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Top Risk Factors Associated With Depression

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Therapy Blog for Counseling in Sacramento - Relationship Therapy Center

Top Risk Factors Associated With Depression

Nancy Ryan

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Millions of people have depression. Depression is a significant contributor to disability and can lead to suicide if left untreated. Depression is different than the usual ups and downs that everyone goes through from time to time. It is a serious health condition that can affect a person's relationships, work and health. Fortunately, Roseville counseling can help you overcome depression. (1)

Depression is not just a case of the blues. It isn't something that you merely overcome with sheer willpower. Depression is a mood disorder that causes a loss of interest in usual activities and persistent feelings of sadness. This mental disorder affects how a person thinks, behaves and feels. People with depression may have difficulty doing normal day-to-day activities. They might also have persistent feelings of guilt and hopelessness and thoughts of suicide.

Anyone can get depression. No one is immune. All ages, races and genders are affected by this serious mental disorder. However, experts have discovered that specific factors may increase the likelihood of developing depression. (2) Knowing these risk factors can help you get treatment sooner.

Gender

Women are twice as likely to be diagnosed with depression than men. Health experts believe that hormones play a role in the gender gap in depression rates. It is hypothesized that changes in progesterone, estrogen and other hormones that take place during a woman's menstrual cycle cause disruptions in the function of brain chemicals that control mood. Although hormones are not entirely responsible for the gender gap in depression. Cultural stressors and life circumstances may play a role too. Women are more likely than men to live in poverty.  They are also more likely to work outside the home and be responsible for the majority of housework at home too. These stressors could contribute to increased rates of depression in women. (3)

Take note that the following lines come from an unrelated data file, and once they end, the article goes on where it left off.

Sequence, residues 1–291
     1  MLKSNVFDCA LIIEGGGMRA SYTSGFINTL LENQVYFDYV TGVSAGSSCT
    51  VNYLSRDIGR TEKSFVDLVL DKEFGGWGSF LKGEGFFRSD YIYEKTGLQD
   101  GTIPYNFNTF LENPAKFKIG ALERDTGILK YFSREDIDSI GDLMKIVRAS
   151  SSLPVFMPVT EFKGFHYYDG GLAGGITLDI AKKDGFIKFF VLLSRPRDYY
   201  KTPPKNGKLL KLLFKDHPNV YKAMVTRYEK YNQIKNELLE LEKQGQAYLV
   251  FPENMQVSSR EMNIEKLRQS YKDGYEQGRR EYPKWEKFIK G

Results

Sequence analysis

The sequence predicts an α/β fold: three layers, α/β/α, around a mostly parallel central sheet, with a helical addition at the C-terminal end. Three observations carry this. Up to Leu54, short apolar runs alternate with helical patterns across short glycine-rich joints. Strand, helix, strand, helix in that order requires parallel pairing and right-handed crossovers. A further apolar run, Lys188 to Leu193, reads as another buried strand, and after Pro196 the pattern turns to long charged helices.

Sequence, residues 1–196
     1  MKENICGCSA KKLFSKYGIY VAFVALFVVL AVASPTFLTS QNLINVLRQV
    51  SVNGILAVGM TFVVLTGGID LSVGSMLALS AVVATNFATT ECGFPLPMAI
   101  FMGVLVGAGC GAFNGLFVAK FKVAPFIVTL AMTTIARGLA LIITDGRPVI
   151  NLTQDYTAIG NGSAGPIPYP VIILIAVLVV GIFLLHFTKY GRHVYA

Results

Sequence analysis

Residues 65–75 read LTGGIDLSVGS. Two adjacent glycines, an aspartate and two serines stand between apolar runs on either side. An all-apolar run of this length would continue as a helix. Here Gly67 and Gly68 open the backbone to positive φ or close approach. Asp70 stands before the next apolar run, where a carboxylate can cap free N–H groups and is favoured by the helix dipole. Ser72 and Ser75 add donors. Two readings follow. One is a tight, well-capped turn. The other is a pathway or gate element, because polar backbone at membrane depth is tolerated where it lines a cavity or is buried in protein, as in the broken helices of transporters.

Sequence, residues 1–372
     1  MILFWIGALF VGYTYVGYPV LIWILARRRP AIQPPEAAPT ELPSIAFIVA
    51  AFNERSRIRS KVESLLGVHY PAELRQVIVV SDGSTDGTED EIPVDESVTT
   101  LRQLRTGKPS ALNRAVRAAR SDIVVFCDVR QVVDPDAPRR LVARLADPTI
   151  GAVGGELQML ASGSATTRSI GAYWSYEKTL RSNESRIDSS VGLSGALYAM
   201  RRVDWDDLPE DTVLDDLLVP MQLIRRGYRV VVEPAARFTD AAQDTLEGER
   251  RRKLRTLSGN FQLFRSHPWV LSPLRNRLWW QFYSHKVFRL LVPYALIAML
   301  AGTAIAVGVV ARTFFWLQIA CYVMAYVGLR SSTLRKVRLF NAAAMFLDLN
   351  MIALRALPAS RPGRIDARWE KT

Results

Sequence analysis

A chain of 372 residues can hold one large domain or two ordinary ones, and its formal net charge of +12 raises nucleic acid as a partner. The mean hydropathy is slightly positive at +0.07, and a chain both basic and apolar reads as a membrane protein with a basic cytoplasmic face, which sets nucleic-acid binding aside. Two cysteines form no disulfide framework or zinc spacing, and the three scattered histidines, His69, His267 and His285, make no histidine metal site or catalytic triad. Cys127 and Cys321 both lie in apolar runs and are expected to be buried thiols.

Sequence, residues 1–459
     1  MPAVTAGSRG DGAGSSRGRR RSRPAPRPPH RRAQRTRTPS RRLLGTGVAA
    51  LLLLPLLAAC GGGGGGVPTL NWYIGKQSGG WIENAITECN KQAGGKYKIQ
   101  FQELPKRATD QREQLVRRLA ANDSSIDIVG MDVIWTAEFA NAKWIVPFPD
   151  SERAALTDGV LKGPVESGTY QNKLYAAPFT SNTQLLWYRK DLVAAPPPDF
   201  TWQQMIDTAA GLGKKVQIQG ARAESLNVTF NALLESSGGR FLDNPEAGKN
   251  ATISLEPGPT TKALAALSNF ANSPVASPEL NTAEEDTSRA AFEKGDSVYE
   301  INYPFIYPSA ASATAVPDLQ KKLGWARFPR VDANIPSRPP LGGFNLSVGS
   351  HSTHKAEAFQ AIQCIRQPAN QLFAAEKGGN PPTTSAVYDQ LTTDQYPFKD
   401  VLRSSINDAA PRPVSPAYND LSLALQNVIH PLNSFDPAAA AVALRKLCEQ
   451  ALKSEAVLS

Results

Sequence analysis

Substance Abuse

There is a strong connection between substance abuse disorders and depression. These two disorders often go hand-in-hand. What is less clear is whether depression causes substance abuse or substance abuse causes depression. (4) It could be that drugs and alcohol cause changes in the brain that lead to depression or that people with depression self-medicate with alcohol and drugs. Regardless of the cause, substance abuse is a risk factor for depression.

Genetics

Depression does run in families. Twin studies suggest that there is probably a genetic component to depression. When one twin has depression, there is a 70 percent chance that the other twin will develop depression as well at some point in their lives. (5)

Stressful Events

Stressful life events, like loss and trauma, may contribute to depression. The hormone cortisol is released during periods of stress.  Scientists hypothesize that high levels of this hormone affect the neurotransmitters that regulate mood, thus triggering depression. (6)  

How To Get Help For Depression

The signs of clinical depression include:

  • Frequent sadness, irritability or agitation

  • Social isolation and withdrawal

  • Loss of appetite or changes in appetite

  • Insomnia or sleeping too much

  • Feelings of guilt or hopelessness  

  • Problems in relationships

  • Physical problems for which there is no medical cause

  • Self-harming behaviors

  • Frequent thoughts of death

  • Thoughts of suicide

If you have the above symptoms of depression, it is essential to get help — especially if you have one or more risk factors for depression. Relationship therapy can help you cope with the stressors related to depression like marital problems. Contact us today for Roseville counseling.

References:

  1. World Health Organization

  2. Hölzel, Lars et al. Risk factors for chronic depression — A systematic review.
    Journal of Affective Disorders , Volume 129 , Issue 1 , 1 - 13.

  3. Mayo Clinic

  4. Substance Abuse and Mental Health Services Administration

  5. American Psychiatric Association

Dienes, K. A., Hazel, N. A., & Hammen, C. L. (2013). Cortisol Secretion in Depressed and At-Risk Adults. Psychoneuroendocrinology, 38(6), 927–940.

 Cathy Bruno, LMFT

Cathy Bruno, LMFT

Cathy Bruno, LMFT works with individuals and couples experiencing Grief/Loss, Trauma/PTSD, Sexual Trauma, Spiritual/Existential issues, Women’s Issues, Major Life Transitions, Personal Growth and Development, Depression & Anxiety.